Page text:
China's Li Pledges to Oppose Any Move by Taiwan for Independence

  • Pro-independence party's Tsai to become Taiwan leader in May
  • No tolerance for separatist activities by island, premier says

On The Ground From China's NPC

Chinese Premier Li Keqiang pledged to fight any push by Taiwan to formalize its split from the mainland, as the leader of a pro-independence party prepares to take over the island’s presidency.

China would "oppose separatist activities for the independence of Taiwan, safeguard China’s territorial integrity, maintain the peaceful growth of cross-strait relations, and safeguard peace and stability in the Taiwan Straits," Li said Saturday in his annual work report to the National People’s Congress in Beijing. The premier said the so-called 1992 consensus -- an understanding that both sides belong to one China -- remained the political foundation for peaceful relations.

Li Keqiang speaks during the opening of the fourth session of the 12th NPC

Photographer: Qilai Shen/Bloomberg

Li’s remarks underscore China’s bottom line less than three months before President-elect Tsai Ing-wen, the chairwoman of Taiwan’s Democratic Progressive Party, is expected to take power. The pro-independence party ousted the more mainland-friendly Kuomintang in a landslide election in January, securing for the first time control of both the executive and legislative branches.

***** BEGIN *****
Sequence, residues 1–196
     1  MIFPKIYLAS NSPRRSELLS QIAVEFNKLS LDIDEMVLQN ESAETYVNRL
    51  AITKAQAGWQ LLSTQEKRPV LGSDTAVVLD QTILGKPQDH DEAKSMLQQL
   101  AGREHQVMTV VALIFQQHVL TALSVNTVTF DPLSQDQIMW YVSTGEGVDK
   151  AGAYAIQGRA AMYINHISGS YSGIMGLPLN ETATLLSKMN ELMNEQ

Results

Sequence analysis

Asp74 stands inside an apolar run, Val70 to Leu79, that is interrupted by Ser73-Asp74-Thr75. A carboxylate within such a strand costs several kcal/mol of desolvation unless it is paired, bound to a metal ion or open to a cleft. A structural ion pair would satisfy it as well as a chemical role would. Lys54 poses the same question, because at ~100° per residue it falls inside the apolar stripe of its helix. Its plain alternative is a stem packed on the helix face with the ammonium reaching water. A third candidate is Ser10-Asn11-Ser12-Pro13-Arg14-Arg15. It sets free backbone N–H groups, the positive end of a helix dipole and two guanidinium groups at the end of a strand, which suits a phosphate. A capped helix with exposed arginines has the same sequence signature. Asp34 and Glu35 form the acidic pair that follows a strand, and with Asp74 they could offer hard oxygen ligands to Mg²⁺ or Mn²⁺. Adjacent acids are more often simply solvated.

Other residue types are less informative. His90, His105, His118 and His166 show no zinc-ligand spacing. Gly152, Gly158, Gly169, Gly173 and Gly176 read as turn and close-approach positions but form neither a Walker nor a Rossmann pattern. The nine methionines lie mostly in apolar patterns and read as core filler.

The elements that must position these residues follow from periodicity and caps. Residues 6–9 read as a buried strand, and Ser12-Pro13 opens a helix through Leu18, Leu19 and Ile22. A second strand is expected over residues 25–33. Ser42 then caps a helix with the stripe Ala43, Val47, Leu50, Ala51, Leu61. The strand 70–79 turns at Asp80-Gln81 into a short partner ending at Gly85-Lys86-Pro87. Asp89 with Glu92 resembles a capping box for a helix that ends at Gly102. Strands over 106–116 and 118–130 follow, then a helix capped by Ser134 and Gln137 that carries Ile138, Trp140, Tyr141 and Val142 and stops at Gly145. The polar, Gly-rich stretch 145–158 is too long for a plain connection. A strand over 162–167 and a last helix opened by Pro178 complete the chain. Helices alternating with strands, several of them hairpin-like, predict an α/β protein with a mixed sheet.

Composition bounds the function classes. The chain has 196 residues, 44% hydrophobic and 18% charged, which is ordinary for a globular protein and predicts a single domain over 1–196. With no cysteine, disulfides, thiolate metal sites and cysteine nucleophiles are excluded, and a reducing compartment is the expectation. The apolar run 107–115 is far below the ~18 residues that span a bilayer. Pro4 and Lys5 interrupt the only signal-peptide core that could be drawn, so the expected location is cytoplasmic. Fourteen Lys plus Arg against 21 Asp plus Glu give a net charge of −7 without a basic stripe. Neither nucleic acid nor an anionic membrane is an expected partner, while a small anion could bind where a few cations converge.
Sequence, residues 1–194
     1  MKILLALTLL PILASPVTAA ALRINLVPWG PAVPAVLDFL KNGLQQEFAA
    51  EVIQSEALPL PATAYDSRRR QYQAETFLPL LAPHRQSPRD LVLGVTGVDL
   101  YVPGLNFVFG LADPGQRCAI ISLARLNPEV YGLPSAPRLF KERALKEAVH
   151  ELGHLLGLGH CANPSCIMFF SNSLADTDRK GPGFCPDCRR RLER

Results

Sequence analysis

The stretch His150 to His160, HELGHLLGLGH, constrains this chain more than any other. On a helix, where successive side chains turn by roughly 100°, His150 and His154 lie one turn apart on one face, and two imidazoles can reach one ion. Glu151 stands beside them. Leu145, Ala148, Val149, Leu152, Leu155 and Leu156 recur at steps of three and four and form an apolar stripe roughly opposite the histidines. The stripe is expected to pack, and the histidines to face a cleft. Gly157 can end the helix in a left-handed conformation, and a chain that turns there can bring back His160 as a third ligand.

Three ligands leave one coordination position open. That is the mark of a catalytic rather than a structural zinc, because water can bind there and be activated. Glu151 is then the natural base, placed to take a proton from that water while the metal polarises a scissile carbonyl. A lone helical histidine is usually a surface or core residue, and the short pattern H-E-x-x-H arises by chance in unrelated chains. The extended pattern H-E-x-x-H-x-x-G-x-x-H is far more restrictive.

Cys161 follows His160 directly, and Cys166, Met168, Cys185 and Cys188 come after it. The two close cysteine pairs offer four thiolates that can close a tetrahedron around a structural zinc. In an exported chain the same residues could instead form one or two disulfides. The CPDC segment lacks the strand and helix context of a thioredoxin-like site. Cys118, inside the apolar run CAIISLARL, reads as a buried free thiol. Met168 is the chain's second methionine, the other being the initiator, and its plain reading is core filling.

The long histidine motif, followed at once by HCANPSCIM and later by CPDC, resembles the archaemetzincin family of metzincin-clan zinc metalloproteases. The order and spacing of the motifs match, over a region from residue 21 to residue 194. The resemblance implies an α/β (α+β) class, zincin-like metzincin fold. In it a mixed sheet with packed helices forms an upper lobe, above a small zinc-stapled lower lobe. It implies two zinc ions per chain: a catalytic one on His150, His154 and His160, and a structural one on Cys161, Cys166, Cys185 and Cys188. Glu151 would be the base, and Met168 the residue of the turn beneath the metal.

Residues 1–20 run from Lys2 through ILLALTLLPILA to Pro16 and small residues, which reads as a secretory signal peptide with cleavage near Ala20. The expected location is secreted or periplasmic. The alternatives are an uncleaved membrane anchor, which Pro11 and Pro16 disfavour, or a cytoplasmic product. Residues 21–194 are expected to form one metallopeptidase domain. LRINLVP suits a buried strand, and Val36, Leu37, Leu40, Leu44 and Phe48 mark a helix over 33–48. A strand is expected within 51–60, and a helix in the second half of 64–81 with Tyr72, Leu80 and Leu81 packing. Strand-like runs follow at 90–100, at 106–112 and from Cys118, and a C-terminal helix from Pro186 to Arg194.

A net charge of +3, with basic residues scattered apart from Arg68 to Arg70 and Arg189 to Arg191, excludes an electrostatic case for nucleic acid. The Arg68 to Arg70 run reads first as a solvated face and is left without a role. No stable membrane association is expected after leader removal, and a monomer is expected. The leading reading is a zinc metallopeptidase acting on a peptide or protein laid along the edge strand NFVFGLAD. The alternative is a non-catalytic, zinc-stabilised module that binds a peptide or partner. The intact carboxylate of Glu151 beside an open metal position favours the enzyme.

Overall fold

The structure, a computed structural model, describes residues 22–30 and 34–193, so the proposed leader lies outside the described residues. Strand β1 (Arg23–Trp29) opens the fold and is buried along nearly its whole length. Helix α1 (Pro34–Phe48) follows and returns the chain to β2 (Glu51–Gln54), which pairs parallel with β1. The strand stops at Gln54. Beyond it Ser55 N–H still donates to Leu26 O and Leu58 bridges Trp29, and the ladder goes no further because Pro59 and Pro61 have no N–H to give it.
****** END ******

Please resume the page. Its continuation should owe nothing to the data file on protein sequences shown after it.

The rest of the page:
Tsai won over moderate voters wary of provoking China by pledging to uphold the “status quo” and focus on economic issues. But she hasn’t endorsed the "one-China principle," which underpinned eight years of improved ties between the former civil war foes during outgoing President Ma Ying-jeou.

Red Line

Taiwan’s independence from China represents a red line for the Communist Party. China still has about 1,200 missiles pointed at the island and passed a law authorizing an attack the last time a DPP government made moves toward independence. The relationship has broad significance, because the U.S. provides Taiwan a security umbrella under a 1979 law requiring America to defend the island from a Chinese attack.

Meanwhile, China on Saturday said the central government would spend 954.4 billion yuan ($147 billion) on defense this year, compared with 886.9 billion yuan last year. The 7.6 percent increase is the smallest in six years, as slowing growth restrains spending and President Xi Jinping implements the biggest military overhaul since the early days of the Cold War.

Zhang Zhijun, minister of China’s Taiwan Affairs Office, said separately on the sidelines of the legislative gathering in Beijing that the Communist Party’s stance on independence was clear and that cross-strait relations were at a key juncture. 

— With assistance by Wenwen Zhang, and Shuqin Ding

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